“Everyone agrees we must do something,” Maria Leptin, EMBO’s director, told The Scientist. “It’s a feeling a solidarity with people who are stranded and with our colleagues in the U.S.”
Leptin was the first to join EMBO’s “Science Solidarity” list, offering to host stranded researchers in her own lab, based at the University of Cologne. Within an hour, scientists from Canada, Spain, the U.K., France, Switzerland, Germany, and Austria joined as sites willing to host travelers unable to enter the U.S.
Magnus Nordborg, a population geneticist at the Gregor Mendel Institute of Molecular Plant Biology, and Jürgen Kleine-Vehn, who studies plant growth at the University of Nature Resources and Life Sciences, both in Vienna, were among the first to make personal offers of lab space, via Twitter. (The hashtag #scienceshelters has emerged to spread the word.)
“I fundamentally believe that your fate should not be determined by where you were born,” Nordborg wrote in an email to The Scientist. “Although it is difficult to eliminate this injustice, it is important to recognize that we ought to try.”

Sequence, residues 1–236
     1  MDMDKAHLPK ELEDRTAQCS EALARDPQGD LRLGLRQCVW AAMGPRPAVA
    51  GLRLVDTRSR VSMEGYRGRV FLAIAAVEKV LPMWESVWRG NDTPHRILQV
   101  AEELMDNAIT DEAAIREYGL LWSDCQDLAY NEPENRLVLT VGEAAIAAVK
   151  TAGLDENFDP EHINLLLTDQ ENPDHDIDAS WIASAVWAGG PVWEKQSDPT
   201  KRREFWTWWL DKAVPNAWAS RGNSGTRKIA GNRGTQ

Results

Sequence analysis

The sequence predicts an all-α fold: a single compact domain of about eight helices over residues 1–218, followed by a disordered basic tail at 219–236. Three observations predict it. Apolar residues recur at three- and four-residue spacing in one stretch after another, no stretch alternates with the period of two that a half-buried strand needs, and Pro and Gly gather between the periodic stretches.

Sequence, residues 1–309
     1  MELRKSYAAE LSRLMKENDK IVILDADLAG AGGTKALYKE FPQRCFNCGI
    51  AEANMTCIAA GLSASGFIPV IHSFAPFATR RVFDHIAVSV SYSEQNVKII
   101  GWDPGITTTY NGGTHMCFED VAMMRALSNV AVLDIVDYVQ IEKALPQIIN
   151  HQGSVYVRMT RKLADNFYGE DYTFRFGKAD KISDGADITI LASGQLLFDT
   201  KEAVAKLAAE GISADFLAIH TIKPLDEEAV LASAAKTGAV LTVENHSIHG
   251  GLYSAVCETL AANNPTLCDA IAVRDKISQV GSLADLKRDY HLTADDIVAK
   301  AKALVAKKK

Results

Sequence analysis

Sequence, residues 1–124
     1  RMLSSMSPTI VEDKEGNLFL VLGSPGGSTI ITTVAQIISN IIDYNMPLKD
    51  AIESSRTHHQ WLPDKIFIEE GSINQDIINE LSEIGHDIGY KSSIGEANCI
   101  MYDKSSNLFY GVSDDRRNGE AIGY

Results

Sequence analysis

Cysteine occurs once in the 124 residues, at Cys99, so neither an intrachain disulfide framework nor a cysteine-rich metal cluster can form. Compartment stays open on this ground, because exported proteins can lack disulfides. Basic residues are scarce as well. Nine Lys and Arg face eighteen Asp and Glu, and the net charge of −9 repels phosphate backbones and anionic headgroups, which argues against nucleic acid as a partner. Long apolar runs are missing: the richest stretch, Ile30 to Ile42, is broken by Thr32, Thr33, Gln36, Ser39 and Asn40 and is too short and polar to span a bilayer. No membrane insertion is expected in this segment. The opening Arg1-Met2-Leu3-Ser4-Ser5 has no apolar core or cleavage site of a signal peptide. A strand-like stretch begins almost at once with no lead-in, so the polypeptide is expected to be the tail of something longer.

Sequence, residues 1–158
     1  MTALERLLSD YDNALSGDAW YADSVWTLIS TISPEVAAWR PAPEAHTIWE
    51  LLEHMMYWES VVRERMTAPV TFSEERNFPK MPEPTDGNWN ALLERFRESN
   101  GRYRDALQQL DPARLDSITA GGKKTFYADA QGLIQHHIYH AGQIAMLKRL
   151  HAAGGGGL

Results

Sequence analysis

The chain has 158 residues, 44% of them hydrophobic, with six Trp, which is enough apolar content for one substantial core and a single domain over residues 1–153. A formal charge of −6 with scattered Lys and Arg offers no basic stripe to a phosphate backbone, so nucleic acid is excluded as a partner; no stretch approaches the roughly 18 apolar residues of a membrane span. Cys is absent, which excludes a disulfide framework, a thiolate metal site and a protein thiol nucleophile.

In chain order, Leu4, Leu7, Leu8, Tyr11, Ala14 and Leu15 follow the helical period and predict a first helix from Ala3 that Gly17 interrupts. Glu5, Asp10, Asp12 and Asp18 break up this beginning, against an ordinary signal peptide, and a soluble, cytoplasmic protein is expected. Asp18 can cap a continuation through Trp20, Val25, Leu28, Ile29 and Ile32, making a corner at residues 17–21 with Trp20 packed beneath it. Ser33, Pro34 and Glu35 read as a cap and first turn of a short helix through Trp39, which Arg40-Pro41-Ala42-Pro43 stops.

“The main issue, of course, is it all depends on whether the scientists in need have their own funding,” Kleine-Vehn told The Scientist. Accommodating a visiting scientist’s lab needs temporarily shouldn’t be too much of a problem, he said, but living costs could be an issue, unless institutions have guest housing.
Host labs will have to work out the financial and legal details with any visiting scientists, Leptin said, but EMBO has an open ear for researchers in need of assistance. There haven’t been any takers yet, she noted, given how recently the initiative began.
Leptin lamented Trump’s executive order, saying that it hurts both thwarted immigrants and the US labs where they were headed. “It’s outrageous. It’s illegal. It’s morally and ethically unacceptable,” she said. “Science will suffer.”
Nordborg said he was stranded for months in Europe following the terrorist attacks of September 11, 2001, while he was an assistant professor at the University of Southern California (his partner, meanwhile, was pregnant and in the U.S.). Colleagues covered his teaching duties while Nordborg stayed with relatives abroad. “History is full of examples of scientists who found refuge under worse circumstances . . . and it seemed obvious that we can and should do something,” he wrote today. “Who knows how long this madness will last? If we can rescue even a single scientific career this way, it will have been worth it!”